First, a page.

Each and every day, the leaders of Engineers In Action mentor and support others. They invest in transforming not only the communities we serve, but ensuring that the people who come together to make that happen have an opportunity to grow and learn as well. It’s what makes EIA such a vibrant community.
To celebrate engineers and engineering this week, we asked our team members to tell us about the engineers who mentored and inspired them along their way. Here are a few of their passionate responses…
One of my engineering heroes is Johann Zimmermann. He’s spent his career doing engineering development work both across the globe and across the street. I was lucky enough to spend five years working with him to serve the communities who are so often left behind.
Ethan Gingerich, Bridge Program Director
I was most impacted as an engineer by one of my professors at University, Dr. Kijewski-Correa, who has worked in the field of engineering for international development all over the world. She inspired me to pursue a career in international development. I think a lot of engineers choose the profession to have an impact on people’s lives. For me personally, I am inspired and humbled to be able to use engineering to increase equitable access in under-resourced communities in Eswatini.
Brittany Margritz, Eswatini Bridge Program Manager
I’ve been fortunate to have had many mentors while pursuing my engineering degree. The first person who comes to mind is Holly Green from Turner Construction. She was my supervisor during one of my summer internships with Turner in 2014 and it was during that internship period that she taught me and demonstrated how to truly lead others through inspiration, encouragement, and empowerment. The timing was perfect because her leadership example strongly informed my leadership practice as I would go on to lead Penn State’s EIA chapter during the 2014-2015 academic year.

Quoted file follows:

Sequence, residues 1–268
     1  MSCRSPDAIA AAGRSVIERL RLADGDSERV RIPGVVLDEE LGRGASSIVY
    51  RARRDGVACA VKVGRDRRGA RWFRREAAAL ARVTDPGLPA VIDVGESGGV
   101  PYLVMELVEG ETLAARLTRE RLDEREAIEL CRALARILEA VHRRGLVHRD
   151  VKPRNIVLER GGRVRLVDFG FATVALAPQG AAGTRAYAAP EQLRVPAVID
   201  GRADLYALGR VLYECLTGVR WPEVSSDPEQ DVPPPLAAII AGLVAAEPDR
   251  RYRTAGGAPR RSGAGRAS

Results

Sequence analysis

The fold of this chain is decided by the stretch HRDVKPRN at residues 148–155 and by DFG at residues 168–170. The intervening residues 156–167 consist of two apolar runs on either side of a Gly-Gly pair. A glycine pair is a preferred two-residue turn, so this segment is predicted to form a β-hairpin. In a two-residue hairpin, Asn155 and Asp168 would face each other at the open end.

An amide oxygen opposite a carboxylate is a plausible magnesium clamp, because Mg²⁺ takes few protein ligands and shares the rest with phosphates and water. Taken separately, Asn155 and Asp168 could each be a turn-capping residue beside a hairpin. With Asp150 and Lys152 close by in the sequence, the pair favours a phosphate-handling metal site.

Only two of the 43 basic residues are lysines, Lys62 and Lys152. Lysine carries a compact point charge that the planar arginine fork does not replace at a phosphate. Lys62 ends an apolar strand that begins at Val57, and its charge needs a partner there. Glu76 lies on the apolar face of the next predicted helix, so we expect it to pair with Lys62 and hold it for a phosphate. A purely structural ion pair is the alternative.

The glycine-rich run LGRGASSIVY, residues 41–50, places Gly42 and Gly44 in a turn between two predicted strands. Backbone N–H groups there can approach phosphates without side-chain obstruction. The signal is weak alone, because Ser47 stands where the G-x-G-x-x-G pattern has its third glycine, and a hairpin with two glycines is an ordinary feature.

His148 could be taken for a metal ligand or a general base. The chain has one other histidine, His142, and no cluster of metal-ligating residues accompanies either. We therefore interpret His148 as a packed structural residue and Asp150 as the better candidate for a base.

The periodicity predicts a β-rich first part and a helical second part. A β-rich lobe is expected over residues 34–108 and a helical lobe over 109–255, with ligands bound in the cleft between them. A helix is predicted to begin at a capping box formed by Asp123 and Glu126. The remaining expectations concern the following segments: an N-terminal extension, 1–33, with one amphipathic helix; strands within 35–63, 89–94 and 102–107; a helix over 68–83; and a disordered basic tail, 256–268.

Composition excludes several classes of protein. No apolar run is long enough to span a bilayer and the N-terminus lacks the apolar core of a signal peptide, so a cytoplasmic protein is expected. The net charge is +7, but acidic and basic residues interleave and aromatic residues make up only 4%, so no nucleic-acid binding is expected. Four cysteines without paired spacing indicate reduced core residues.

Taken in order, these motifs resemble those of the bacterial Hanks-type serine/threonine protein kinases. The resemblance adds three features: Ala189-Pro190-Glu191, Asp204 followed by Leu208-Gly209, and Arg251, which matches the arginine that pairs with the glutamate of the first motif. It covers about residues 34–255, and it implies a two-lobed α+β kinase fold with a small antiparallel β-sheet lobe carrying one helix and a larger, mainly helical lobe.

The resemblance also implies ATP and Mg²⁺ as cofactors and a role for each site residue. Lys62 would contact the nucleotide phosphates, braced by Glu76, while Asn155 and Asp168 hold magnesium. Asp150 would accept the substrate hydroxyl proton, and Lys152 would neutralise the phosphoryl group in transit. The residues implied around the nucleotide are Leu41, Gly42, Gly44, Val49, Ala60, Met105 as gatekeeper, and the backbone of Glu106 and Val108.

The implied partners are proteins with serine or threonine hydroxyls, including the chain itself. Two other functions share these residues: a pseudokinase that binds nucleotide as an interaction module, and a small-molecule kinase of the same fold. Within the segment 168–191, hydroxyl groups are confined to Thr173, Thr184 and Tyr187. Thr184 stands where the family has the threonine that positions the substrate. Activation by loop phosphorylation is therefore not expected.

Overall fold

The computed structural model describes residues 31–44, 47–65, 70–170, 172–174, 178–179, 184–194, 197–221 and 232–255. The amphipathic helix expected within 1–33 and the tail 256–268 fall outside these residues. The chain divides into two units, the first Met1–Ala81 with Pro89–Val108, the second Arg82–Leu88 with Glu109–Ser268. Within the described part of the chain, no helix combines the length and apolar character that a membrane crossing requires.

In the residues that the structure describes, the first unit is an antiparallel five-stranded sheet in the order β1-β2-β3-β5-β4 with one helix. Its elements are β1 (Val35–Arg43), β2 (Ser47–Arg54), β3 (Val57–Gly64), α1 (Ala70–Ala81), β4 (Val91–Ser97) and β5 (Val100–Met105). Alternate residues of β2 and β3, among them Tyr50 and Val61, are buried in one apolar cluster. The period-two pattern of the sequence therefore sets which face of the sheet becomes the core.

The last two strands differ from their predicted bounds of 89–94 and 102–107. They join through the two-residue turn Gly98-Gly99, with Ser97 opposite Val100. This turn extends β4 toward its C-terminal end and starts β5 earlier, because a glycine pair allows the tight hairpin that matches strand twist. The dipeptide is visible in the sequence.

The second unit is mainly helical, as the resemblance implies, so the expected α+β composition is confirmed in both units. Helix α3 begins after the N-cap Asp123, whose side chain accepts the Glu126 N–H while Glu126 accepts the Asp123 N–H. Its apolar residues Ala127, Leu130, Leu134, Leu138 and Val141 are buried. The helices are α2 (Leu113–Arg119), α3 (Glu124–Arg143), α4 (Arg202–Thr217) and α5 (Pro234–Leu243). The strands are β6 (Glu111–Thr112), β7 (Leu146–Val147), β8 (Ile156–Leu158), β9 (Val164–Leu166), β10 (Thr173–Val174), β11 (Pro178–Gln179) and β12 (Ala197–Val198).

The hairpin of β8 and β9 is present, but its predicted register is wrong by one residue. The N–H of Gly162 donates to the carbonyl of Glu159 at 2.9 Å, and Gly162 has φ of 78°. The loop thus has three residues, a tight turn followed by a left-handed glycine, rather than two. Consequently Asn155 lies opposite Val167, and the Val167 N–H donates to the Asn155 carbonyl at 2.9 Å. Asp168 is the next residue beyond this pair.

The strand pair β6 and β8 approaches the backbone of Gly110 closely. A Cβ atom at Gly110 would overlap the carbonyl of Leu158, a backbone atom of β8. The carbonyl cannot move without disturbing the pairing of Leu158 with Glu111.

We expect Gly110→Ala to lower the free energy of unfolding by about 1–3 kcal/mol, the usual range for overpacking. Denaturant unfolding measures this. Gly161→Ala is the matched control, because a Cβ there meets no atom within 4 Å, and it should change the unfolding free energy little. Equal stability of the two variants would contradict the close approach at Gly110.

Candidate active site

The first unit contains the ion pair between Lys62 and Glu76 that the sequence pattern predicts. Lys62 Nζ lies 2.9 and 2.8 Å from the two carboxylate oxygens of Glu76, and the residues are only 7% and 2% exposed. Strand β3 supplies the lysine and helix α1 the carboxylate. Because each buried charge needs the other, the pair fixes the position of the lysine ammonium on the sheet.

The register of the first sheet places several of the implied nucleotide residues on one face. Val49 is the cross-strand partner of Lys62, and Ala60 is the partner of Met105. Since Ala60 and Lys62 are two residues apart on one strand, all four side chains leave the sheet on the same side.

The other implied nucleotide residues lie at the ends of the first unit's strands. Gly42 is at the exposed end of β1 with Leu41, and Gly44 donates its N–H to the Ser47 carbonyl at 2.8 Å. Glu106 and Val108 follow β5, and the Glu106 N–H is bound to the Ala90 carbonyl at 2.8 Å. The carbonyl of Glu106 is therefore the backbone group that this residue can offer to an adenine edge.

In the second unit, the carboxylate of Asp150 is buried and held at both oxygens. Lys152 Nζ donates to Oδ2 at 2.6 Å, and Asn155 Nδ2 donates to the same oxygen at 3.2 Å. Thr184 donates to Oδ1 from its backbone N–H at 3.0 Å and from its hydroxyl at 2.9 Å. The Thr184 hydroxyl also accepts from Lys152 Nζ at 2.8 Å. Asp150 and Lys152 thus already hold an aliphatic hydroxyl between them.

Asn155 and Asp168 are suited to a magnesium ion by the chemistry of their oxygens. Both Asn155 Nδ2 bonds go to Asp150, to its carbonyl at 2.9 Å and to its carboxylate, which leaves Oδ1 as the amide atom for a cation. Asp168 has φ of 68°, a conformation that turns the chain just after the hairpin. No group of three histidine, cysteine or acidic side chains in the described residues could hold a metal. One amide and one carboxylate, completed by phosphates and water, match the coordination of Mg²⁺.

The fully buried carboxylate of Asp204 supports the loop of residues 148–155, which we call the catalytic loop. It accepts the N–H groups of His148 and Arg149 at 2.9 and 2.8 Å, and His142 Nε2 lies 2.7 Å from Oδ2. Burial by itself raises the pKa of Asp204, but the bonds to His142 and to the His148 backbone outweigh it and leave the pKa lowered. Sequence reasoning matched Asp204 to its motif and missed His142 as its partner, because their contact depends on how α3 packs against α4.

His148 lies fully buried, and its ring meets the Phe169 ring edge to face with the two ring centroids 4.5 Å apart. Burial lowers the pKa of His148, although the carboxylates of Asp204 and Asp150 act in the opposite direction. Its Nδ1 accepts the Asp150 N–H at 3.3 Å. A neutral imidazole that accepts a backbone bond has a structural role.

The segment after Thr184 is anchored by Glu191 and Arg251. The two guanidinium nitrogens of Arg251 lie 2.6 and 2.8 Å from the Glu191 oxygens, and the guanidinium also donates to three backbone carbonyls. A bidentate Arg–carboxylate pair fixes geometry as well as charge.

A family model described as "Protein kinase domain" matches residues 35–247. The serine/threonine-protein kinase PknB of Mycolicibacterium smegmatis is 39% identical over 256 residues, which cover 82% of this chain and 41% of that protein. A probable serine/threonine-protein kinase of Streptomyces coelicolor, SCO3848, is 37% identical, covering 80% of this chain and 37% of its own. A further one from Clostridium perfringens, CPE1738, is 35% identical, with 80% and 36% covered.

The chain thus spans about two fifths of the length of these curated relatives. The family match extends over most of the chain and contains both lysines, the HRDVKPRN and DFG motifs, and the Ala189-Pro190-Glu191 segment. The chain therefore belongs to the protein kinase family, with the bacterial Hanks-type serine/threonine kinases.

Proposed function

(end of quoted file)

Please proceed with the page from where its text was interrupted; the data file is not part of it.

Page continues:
Steve Mezzacappa, Development Director
During my education, I had the pleasure of collaborating with Professor Eric Holt at Denver University through the Solar Decathlon competition. Professor Holt gave me the space to grow, find motivation, make mistakes, and ultimately learn from them. Through this process, I was inspired to continue pursuing engineering.
Brenton Kreiger, Bridge Program Education Manager
Before working on development projects I thought the engineer’s challenge was focused solely on the technical side of design and construction. However, on my first trip to a community on the coast of Ecuador I met Dr. Ann Perry Witmer who is leading research on contextual engineering. I learned that our job is not just to install pipes or cables, but to find ways to better understand how those pipes and cables fit into the context of the community to get a real impact and improve their livelihoods.
Wilmer Santacruz Campoverde, Project Engineer FIEA Ecuador
Raul Zelaya, was a mentor who impacted me. He explained that the first step in engineering is not the design and engineering, it is understand the social part and the context behind the engineering problem. He taught us that first we have to understand the need of the populations in order to start use the creativity in the designs.
Felipe Vasquez Villaba, Program Manager FIEA Ecuador
Luis Soria Nau. He was an engineer that loved engineering with a lot of years of experience building infrastructure. He inspired students to be good professionals and look for the excellence, and also face problems in a practical way.
Carlos Augusto Valdez Beltran, Director of Operations, FIEA Bolivia